Bunmi Banjo is an organizational Psychologist and Digital Transformation expert with over 20 years experience in Africa, Asia and North America. Prior to her current role as CEO of Kuvora, Bunjo led Google’s efforts to equip millions of job seekers and businesses with digital skills for career and revenue growth. Her ongoing work includes helping organizations thrive in a digital age through implementing highly impactful strategies that result in formidable competitive advantage. Bunmi has been featured on BBC, CNN, Aljazeera Network, Financial Times and other international media. She has spoken at international forums including the UNESCO Debate on the future of technology, the World Economic Forum on Africa and the IFC conference on the future of work. More about Bunmi’s work at www.kuvora.com
You helped Google train one million Africans with digital skills! How did you tackle such a huge project and what would you say was critical to success?
Big things are easier to do when there’s clarity. With young people roaming the streets with nothing to do and people trying often unsuccessfully to build legitimate businesses, it was clear to me that Google could play an important role in providing skills training. With regards to how we did it, in addition to developing the right metrics and tracking against those to keep the team focused, the most important elements were partnerships and collaborations to help localize, bring partners fully into our vision and to scale with high quality. It was important that all trainers were from the communities in which they trained and had the flexibility to adapt the content for the learners. We also invested extensively in the trainers not just around the content but also in soft skills, leadership development etc.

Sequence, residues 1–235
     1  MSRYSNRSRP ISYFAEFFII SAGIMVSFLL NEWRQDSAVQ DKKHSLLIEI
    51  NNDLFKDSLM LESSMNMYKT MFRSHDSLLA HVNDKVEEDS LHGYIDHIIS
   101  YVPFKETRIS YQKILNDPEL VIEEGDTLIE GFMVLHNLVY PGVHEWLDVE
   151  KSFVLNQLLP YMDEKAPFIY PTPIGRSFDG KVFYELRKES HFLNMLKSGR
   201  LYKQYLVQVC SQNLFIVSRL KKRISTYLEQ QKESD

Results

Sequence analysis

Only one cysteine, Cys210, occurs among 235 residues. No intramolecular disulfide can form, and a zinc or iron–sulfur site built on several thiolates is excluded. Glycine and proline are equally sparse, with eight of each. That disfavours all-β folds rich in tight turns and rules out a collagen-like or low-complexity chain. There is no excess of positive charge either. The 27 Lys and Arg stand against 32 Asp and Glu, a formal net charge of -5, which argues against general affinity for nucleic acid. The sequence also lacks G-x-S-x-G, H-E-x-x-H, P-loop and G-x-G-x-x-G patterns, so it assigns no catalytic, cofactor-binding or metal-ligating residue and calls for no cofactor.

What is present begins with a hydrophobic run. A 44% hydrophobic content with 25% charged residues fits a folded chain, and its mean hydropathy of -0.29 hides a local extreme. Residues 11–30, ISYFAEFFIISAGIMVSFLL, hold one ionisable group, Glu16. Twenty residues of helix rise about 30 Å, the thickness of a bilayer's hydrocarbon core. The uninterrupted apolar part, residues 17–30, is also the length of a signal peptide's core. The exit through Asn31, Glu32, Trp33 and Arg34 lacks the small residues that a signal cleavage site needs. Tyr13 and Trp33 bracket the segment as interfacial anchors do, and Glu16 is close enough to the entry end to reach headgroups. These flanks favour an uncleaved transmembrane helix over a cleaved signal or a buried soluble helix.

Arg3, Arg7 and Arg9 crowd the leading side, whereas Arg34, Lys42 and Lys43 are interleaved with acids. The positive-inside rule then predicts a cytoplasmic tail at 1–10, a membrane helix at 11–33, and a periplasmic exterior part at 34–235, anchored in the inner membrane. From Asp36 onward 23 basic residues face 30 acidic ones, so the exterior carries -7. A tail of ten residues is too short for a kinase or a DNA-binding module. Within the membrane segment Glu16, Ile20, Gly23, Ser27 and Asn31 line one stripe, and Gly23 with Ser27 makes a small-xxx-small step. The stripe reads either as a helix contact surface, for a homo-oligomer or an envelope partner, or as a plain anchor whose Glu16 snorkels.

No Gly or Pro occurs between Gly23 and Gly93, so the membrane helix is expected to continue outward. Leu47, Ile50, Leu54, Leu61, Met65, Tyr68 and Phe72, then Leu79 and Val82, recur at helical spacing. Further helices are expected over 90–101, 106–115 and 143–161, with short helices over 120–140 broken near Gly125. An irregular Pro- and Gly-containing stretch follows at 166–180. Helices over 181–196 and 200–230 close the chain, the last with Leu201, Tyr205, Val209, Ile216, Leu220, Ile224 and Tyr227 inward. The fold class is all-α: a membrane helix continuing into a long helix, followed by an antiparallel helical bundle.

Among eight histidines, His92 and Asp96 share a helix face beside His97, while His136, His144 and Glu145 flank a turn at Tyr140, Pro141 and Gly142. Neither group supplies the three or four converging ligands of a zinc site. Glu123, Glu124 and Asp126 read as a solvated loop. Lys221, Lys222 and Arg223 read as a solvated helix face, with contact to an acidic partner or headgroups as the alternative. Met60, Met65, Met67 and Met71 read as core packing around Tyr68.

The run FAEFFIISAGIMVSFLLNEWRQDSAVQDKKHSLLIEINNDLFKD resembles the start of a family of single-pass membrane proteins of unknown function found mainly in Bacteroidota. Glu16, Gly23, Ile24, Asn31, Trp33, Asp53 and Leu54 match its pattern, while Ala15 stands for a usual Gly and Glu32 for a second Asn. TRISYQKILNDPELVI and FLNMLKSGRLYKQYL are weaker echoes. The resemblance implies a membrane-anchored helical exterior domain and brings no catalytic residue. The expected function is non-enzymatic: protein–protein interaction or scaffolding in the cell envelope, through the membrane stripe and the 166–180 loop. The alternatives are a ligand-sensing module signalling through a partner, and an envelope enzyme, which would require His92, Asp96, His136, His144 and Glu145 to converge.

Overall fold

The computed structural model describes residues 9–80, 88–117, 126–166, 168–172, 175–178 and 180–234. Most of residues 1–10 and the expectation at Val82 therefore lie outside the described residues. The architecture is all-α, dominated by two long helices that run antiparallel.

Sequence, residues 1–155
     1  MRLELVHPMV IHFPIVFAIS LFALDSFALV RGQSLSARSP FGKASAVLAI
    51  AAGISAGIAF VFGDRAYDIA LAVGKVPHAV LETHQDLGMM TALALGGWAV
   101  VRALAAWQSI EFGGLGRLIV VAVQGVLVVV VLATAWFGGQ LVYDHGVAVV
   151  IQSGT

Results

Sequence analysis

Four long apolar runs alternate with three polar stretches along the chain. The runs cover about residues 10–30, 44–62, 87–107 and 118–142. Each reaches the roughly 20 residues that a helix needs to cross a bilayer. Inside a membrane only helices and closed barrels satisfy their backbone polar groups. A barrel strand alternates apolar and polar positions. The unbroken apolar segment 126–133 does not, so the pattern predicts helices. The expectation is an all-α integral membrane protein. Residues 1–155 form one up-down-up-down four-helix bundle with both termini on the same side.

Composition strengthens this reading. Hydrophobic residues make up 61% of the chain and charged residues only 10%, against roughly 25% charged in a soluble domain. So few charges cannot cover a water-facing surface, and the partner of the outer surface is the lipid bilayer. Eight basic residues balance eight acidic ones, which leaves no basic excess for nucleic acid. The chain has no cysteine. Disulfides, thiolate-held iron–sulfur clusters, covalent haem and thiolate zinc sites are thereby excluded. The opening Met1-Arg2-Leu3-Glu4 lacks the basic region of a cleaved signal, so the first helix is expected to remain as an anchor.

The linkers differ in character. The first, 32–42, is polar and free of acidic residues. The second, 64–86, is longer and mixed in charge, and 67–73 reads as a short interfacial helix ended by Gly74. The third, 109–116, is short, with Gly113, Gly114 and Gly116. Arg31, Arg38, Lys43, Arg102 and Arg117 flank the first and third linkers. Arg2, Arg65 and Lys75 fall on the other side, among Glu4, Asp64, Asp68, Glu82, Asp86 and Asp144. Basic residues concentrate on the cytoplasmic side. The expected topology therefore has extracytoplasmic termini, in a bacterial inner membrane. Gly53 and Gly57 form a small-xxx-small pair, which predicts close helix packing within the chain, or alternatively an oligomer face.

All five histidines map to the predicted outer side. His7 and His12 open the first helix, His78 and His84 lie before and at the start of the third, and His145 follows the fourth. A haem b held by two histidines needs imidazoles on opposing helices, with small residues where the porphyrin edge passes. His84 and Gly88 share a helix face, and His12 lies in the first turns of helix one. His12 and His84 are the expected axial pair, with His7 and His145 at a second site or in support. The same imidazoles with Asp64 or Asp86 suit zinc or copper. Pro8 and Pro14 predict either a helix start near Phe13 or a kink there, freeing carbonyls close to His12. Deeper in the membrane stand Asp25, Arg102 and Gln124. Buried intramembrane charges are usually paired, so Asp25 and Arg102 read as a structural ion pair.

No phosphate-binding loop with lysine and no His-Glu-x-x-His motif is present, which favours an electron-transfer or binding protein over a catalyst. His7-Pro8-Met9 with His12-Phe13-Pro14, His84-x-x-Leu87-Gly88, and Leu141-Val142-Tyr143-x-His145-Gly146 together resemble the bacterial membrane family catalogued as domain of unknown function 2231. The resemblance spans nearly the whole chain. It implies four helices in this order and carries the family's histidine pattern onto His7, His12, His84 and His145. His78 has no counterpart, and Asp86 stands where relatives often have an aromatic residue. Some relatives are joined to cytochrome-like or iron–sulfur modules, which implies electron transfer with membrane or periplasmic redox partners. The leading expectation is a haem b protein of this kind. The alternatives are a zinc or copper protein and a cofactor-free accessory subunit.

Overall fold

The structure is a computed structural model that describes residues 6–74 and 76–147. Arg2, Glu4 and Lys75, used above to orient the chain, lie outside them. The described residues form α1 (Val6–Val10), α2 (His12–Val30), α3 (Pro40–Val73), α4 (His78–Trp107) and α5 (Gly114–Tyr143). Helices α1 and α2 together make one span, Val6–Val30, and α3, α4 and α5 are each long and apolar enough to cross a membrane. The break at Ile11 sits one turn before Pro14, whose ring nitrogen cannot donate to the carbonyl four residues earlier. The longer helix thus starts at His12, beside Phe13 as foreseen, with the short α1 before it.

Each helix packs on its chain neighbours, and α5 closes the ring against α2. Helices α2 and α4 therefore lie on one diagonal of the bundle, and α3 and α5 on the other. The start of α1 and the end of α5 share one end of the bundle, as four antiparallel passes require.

With the challenges youth in Africa are facing regarding lack of jobs, what insights did you gain through the Google work and any others in terms of what might address the unemployment problem in a sustainable way?
What is required is an enabling environment, one where individuals and businesses can pursue economic goals and reasonably expect their effort to generate income. There’s also a need to encourage innovation by celebrating it wherever it exists. We need to do a better job at capitalizing on the tools that we have. For example, there are many opportunities in digital for youth in Africa with their mobile phones. With just devices and data plans, I’ve seen thousands of people becoming self employed and hundreds going on to employ several people.
You say that companies wanting to work in Africa must leverage the energy and creativity of young people. What might that practically look like?
First, such organizations must be comfortable with taking more than financial risk, for example by allowing young locals to make decisions and listening to them because people understand their environment better and what works in it. I’ve been in many situations where someone was telling me an idea would not work, but they couldn’t explain why. The temptation was to dismiss them, but I chose to assume they knew something I did not and helped them articulate their thinking and ideas. Many cultures in Africa are deferential so leaders need to actively seek out the input of younger or more junior people and provide incentives that support openness across the company.